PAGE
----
Under other circumstances, maybe I'd be psyched about that. Let's be real: in a vacuum, it's a nice feeling to know other people value your thoughts and opinions. But in the greater web of context, that means that anyone who discovers this book by chance is greeted on Google by me going "this book is pretty elementary." They're greeted on Goodreads by the visual of two stars, which is a pretty powerful impression - I know that lower star ratings will affect my decision to purchase or read a book. This is one of my most liked reviews, and I think the impact of the rating is most of the reason; all my most liked reviews are one- or two-star reviews.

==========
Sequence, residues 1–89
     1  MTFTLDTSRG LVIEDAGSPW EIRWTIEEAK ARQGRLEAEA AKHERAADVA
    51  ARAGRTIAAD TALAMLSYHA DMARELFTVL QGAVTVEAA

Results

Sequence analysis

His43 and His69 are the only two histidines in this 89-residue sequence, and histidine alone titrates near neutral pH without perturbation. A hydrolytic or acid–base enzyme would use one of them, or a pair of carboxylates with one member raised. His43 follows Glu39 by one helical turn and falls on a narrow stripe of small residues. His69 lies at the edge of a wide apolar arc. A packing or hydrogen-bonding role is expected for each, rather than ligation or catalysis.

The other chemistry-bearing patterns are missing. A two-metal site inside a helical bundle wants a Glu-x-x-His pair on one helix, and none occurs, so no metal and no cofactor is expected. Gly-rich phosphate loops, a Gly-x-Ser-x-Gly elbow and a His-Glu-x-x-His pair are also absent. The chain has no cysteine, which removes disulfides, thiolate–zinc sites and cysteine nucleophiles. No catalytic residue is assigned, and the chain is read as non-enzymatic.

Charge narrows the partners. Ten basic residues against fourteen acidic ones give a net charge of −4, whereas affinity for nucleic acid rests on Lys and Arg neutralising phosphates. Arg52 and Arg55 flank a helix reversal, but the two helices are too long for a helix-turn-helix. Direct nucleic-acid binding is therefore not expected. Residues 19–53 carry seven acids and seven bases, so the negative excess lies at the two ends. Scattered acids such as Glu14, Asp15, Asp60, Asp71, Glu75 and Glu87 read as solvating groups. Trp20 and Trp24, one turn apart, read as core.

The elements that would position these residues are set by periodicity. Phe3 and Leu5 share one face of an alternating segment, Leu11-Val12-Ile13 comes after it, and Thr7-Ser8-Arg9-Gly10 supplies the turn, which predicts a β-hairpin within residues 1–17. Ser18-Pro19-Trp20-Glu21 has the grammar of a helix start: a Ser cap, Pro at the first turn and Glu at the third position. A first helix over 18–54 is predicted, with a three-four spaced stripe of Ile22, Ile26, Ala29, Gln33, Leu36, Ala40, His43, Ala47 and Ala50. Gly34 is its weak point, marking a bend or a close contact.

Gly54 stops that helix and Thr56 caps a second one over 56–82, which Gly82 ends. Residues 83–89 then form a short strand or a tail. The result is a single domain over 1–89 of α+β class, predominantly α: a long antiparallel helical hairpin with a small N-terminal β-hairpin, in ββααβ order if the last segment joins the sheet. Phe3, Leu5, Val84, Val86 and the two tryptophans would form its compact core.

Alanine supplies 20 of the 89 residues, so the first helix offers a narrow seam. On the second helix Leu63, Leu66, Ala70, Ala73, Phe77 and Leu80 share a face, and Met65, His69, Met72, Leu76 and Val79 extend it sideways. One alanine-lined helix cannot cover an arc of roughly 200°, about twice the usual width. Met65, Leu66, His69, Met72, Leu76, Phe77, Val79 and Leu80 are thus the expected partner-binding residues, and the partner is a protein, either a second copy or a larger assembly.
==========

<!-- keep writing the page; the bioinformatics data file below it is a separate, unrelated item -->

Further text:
And the thing is, even if I personally had a two-star experience reading the book, that doesn't mean other people will. I still believe just about everything I wrote in my original review, and that includes the fact that this book provides a useful introduction to concepts worth learning. And the fact that Nisi Shawl's included essays were solid, helpful reads with solutions writers can incorporate into their work immediately. If I'd discovered this book in 2009, when Racefail had just happened, my experience probably would have been a four- or five-star one. This book would have been a friendly, conversational touchstone for me as I started to reflect on what it really meant for me to be a white person, both in the world and in my favourite fandoms specifically.